Being in a new relationship can make you feel excited, grown up, happy and in control. It’s normal to enjoy getting compliments, feeling special, safe and feel like you’ve got more confidence. But relationships can sometimes change and it can be hard to know when things are starting to go wrong.

    When you’re in a healthy relationship, the other person shouldn’t try to control you. If they are using threatening behaviour, such as harming you physically, sexually, emotionally, financially or psychologically, this is what a controlling behaviour is, so if your relationship doesn’t feel right, it may be time to end it.

    Ending a relationship can be really difficult, and there are some things that could put extra pressure on you. These could include things like grooming, blackmail or emotional pressure. If your boyfriend or girlfriend makes you feel scared in your relationship, it’s important to get support. Try talking to an adult you trust, if but there is no one in your life you can talk to, we are here to listen.

    People who exploit relationships are very clever in the way they do it.

    They often make you feel that it’s your fault, or what they are asking you to do is a normal part of a relationship, when it isn’t.

    Tell someone you trust.



      Sexting is when someone sends or receives a sexually explicit text, image or video on their mobile phone, usually in a text message.

      Many young people think that sexting is okay and a normal part of healthy relationship. However, it’s important to understand the risks around sexting, and how easily sexting can go wrong – even when you don’t think it will.

      Nearly 1 in 5 people receiving a sext have passed it onto someone else, or even posted it onto the Internet with devastating results for the victim involved and the person who shared the image.

      If it feels wrong, it probably is.

        Anyone can find themselves in a relationship that isn’t healthy. Relationships can be confusing.

        Relationships can be exciting, but when they change, they can wreck lives.   They can make young people feel unsafe or threatened, meaning they feel they’ve got no choice but to continue in be in that relationship.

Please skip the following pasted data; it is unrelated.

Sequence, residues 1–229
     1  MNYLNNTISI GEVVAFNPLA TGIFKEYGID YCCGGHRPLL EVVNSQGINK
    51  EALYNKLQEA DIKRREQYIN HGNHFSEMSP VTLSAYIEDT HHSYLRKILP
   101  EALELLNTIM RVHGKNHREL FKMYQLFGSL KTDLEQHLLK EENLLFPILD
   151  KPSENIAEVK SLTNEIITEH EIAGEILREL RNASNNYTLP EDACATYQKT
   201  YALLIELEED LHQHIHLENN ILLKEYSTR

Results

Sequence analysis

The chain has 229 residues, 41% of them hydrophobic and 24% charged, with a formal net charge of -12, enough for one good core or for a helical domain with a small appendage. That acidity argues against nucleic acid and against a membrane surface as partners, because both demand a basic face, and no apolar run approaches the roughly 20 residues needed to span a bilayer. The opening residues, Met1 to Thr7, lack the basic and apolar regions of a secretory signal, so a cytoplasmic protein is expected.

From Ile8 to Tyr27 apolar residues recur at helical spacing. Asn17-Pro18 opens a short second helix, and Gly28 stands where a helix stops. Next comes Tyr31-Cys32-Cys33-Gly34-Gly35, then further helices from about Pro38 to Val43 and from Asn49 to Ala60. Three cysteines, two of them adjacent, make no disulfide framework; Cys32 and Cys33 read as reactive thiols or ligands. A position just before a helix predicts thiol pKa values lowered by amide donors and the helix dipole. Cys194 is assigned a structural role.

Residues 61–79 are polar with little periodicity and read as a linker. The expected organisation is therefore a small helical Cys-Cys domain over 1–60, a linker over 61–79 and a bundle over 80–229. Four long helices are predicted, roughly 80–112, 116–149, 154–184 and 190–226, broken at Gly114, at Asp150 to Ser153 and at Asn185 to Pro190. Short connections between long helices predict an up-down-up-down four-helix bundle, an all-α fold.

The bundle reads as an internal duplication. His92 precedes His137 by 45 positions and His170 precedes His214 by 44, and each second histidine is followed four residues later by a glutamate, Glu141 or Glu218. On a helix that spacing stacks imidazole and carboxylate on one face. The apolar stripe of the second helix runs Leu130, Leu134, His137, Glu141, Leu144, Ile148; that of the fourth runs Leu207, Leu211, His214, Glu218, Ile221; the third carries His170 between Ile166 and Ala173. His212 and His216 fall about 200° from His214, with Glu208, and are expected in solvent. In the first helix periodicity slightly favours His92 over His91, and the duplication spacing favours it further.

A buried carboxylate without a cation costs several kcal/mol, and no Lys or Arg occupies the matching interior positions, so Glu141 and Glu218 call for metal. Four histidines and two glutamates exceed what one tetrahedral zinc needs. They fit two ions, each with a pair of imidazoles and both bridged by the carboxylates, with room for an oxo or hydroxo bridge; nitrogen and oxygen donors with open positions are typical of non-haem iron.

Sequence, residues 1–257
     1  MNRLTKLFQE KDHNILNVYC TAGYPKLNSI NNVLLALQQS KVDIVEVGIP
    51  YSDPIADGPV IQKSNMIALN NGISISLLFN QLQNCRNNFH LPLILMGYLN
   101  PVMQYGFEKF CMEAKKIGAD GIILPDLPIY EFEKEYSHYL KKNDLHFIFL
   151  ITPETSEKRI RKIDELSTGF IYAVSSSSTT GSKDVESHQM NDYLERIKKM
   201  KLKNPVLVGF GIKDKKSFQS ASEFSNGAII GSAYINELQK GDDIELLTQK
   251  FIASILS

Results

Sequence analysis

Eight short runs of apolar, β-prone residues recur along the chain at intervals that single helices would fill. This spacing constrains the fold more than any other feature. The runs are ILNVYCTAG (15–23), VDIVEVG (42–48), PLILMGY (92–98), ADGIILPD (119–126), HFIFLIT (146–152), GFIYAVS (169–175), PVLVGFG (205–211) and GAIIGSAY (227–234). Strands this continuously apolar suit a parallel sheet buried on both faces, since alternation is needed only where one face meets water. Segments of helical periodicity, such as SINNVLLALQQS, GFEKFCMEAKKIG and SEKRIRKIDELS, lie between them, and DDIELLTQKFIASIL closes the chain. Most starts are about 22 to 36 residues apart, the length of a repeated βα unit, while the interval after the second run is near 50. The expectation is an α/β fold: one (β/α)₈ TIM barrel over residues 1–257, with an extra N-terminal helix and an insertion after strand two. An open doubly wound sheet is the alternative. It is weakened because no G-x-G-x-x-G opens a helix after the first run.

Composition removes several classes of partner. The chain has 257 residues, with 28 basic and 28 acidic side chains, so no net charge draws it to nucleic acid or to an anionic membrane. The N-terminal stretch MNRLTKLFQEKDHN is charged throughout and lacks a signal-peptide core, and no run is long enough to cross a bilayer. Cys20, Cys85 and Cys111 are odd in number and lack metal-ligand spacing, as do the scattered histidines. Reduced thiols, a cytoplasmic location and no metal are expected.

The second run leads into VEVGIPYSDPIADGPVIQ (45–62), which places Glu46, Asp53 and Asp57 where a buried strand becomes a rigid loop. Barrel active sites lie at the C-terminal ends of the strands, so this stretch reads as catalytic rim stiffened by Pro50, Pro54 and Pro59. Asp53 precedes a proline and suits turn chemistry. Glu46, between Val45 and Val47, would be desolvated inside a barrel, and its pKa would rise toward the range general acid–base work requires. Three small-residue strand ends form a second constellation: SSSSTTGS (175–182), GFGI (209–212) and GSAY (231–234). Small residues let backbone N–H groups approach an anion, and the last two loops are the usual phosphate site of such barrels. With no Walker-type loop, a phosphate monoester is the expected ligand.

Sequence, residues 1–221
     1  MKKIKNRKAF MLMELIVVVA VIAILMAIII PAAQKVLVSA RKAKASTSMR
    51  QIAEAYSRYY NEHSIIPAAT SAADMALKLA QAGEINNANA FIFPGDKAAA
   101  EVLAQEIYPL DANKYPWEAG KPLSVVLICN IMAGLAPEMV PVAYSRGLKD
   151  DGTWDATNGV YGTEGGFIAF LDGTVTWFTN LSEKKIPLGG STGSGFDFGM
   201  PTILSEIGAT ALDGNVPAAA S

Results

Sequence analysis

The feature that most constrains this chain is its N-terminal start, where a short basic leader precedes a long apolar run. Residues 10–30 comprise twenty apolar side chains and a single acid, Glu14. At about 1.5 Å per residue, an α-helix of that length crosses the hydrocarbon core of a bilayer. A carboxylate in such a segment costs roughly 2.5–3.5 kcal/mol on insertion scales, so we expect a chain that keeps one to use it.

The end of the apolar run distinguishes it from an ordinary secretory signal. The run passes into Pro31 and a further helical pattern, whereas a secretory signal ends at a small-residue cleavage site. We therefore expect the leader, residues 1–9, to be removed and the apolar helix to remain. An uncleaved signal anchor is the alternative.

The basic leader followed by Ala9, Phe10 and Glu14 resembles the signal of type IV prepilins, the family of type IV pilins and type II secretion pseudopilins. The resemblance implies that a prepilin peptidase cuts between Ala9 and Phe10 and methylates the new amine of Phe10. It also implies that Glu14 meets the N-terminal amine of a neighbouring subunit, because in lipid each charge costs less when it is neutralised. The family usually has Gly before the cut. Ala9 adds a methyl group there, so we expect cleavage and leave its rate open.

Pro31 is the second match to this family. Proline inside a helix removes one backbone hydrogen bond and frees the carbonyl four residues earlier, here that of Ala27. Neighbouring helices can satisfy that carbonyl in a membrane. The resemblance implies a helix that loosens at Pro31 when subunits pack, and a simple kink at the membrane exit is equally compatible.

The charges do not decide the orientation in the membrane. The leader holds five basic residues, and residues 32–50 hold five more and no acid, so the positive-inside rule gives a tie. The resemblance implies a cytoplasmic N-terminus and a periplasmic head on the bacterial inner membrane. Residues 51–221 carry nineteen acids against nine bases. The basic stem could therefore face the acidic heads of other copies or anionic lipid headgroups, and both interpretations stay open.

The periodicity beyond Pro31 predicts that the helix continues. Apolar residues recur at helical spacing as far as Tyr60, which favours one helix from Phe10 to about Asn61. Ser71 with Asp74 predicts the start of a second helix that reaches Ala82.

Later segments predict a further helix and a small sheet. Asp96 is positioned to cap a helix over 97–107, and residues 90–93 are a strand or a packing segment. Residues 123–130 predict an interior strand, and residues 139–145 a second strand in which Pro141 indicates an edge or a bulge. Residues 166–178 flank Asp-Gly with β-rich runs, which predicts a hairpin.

Controlling or threatening behaviour can be physical, emotional, financial, psychological or even sexual.

        It’s difficult for young people to know that they are being groomed or pressurised to have sex or do something sexual. It’s even more difficult for people to recognise it.   It’s another thing again to have the guts to report it.

        Everybody has a responsibility to help young people know what a healthy relationship is, show to spot the signs of sexual abuse and report it.

        Do you know how to tell if you’re an unhealthy relationship, or are even being abused in some way?

        Some signs of an unhealthy relationship

          They’re really intense – They’ve got really extreme feelings or really intense behaviour that you might find suffocating. Do they always want to see you and don’t want you to see your friends? Do you think they’re a bit over the top? You should have your own space.

          They’re jealous – We all get a bit a jealous, but the problem is when they try and control you because of it. Are they getting upset when you get a text? Do they look through your phone? Are they really suspicious?

          They’re manipulating you – It’s not always easy to spot, but do they ignore you until they get what they want? Do they try and get in your good books with gifts, and are always apologising?

          They’re isolating you– Do they get annoyed if you don’t spend all your time with them and want to spend time with your friends? Do they make you question your family and friends. Are you becoming reliant on their money, or even their attention?


          Having sex when you don’t really want to

            Being in an unhealthy relationship can led to you doing sexual things that either you don’t want to do, or think that it’s OK, but really aren’t.

            You might think that you’re in a loving relationship, but really they’re using you in some way.

            Being controlled in this way can happen to anyone under the age of 18: male or female, straight, gay or bisexual, disadvantaged or privileged, and from any background.

            It doesn’t matter if you’re a boy or girl – it can happen to anyone.